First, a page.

In the last Civil War, the division was clear: slavery vs. non-slavery. The Greys have always described it as a state’s rights issue, but that was horse puckey then and it is now: the “rights” were to own slaves.
The country today is nearly as divided as it was during the Civil War. Although only a few nutcases are thinking of wielding weapons against each other, it feels like we’re on the verge of another Civil War, this one not between the Greys and the Blues, but between the Reds and the Blues.
This is not to belittle the Greys. In 1787, the drafters of the Constitution gave black people 3/5’s the voting value of white people. When you’re raised from infancy hearing blacks are 3/5ths of whites, you tend to believe it.
And it’s not to belittle the fact that there was only one way to plant and pick cotton then, the Greys’ primary way of making money, and it wasn’t with robots.
Nevertheless, it was what it was: slavery. And it wasn’t what it wasn’t: right.
Even though the ‘Three Fifths Clause” was repealed in 1868, the belief in black inferiority is still in the country’s DNA.
Aside from slavery, though, both sides in the Civil War shared many of the same values: fairness, integrity, protecting the innocent, morality, and trustworthiness, for example.
The divide over our current Civil War, is far less clear. Is it Globalism vs Nationalism, Capitalism vs Socialism, Climate Change vs (what?) Non-Climate Change, Rich vs Poor, Progressives vs Conservatives? Or the old standby: Republicans vs Democrats?
The answer is “Yes”.
But we’ve survived national differences before. So, what’s different this time?
The first answer might be our Divider in Chief, right? Trump fights his detractors by attacking them, dividing them, and turning them against each other. Anyone who’s not with him is his enemy, and the list changes at his whim. He loves to boil the pot.
But he’s only been doing this for 3 years. And these issues have been growing for far longer.
I suggest the common denominator isn’t Trump; it’s a deterioration of shared values.
Take corporations, for example. Increasing shareholder value didn’t exist before the 20thcentury. It now directs much of the US economy. This week a Federal Court found United Healthcare guilty of denying coverage to tens of thousands of mentally ill patients. They had insurance, but United Healthcare refused to pay for their treatment. That’s emblematic of the entire health insurance field, not to mention the Pharmaceutical industry.
So much for protecting the innocent.
Cheating is another relatively new American value. Over the last few decades or so, it has become rampant in colleges, high schools, and even elementary schools. Until now, it’s been pretty much contained to students. This week, though, the Justice Department charged 50 people in a multimillion-dollar scheme of cheating on entrance exams and bribing college officials, including admissions officials at Georgetown, Stanford, and Yale. And the parents were part of it.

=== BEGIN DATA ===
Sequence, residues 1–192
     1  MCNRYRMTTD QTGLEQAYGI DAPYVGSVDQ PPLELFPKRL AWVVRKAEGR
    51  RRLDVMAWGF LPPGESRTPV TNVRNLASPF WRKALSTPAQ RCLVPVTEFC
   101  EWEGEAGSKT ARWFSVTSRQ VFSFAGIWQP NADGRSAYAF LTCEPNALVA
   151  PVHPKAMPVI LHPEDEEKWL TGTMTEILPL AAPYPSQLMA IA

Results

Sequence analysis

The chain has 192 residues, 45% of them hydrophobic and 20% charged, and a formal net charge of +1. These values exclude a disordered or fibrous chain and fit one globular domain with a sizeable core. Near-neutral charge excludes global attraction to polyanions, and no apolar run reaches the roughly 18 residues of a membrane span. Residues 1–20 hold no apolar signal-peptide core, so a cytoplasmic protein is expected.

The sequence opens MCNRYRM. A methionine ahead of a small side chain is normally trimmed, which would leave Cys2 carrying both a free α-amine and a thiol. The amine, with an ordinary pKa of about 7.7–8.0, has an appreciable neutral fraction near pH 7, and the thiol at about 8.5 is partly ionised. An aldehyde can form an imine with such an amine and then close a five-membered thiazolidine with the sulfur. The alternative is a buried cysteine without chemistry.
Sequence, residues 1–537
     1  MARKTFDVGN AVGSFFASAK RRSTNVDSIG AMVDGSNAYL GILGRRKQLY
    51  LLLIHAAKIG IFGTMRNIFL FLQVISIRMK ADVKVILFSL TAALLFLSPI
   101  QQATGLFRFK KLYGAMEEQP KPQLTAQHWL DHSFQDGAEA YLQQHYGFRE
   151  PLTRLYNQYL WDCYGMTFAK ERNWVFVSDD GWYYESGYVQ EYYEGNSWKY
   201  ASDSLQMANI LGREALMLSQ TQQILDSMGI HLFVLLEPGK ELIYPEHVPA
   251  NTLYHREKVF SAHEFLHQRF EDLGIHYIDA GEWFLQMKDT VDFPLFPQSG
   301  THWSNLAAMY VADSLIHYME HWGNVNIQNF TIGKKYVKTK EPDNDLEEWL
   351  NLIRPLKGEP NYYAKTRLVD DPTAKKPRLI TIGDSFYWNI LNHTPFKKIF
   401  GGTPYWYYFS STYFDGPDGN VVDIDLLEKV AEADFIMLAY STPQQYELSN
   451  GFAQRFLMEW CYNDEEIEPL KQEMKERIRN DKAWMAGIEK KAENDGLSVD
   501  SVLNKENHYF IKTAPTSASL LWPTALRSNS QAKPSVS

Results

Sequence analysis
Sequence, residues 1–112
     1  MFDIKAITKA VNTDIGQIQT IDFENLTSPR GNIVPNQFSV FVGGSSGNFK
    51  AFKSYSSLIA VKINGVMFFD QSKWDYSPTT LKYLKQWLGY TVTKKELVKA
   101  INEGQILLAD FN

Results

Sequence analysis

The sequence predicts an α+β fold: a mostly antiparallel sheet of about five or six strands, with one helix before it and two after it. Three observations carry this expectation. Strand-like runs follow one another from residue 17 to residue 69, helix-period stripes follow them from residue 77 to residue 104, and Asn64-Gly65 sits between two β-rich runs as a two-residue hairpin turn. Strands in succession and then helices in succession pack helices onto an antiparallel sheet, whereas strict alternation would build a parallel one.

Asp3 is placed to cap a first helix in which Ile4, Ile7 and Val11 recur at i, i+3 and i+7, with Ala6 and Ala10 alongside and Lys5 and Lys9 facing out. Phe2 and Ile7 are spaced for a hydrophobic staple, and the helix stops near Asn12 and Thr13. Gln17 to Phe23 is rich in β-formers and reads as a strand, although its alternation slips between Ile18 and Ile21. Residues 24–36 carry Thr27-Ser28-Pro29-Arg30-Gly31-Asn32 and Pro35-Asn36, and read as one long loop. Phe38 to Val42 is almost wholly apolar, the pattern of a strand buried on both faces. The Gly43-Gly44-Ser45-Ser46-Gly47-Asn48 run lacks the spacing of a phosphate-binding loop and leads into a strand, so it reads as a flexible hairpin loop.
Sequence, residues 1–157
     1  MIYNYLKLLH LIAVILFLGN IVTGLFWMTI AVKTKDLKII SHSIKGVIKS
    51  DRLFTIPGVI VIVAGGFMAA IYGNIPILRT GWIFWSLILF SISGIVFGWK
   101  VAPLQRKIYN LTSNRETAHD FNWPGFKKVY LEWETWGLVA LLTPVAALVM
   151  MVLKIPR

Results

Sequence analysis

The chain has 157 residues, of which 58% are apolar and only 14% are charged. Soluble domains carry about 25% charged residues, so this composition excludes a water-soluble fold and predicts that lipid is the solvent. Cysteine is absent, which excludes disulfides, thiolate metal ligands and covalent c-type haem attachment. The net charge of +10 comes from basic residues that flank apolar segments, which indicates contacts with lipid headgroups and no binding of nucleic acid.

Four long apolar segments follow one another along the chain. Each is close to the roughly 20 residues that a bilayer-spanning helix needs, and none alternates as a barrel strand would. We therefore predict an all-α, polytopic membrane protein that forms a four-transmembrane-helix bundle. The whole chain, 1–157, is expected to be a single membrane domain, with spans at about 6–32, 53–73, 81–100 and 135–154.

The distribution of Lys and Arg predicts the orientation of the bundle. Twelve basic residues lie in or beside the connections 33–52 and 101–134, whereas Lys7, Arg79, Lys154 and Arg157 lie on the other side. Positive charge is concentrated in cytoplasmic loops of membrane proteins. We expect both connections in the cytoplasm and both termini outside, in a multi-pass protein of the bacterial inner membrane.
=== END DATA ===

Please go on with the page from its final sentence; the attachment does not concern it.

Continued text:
So much for integrity.
(Can you imagine that even 50 years ago? OK, we won’t answer that until Penn publishes Trump’s SAT scores.)
How about an impartial justice system? In the last week Paul Manafort was sentenced to 47 months in jail for defrauding the IRS of $6 million – stealing from the government. And those 47 months will likely be reduced to 22 months. Upon hearing that, a public defender in Brooklyn noted that, in the same week, his client was sentenced to 36 to 72 months – for stealing $100 worth of quarters from a laundry room.
So much for fairness.
In 2016, the year Trump became President, a Gallup poll showed that only 26% of the country had confidence in our Justice system.
The Catholic Church, the bastion of morality, is finally facing up to raping children. In a January 2019 poll, fewer than a third of U.S. Catholics rated the honesty and ethical standards of clergy as “very high” or “high”.
So much for morality.
How about the media? Remember when CBS’s Walter Cronkite shined a spotlight on the Viet Nam War? According to Gallup, trust in the media, at 72% in 1976, dropped to 45% in 2018. Just last week, the Democratic National Committee blocked Fox News from hosting any of the 2020 presidential primary debates. Why? Because they’re biased against Democrats.
So much for trustworthiness.
These are just examples, but they make a point: a deterioration of shared values is causing Americans to lose confidence in our national institutions. And ultimately, ourselves.
Yes, Trump lies, cheats, and steals – more so than any leader we’ve ever had – but he is not the cause of this new Civil War; he’s just a symptom. It isn’t him; it’s us.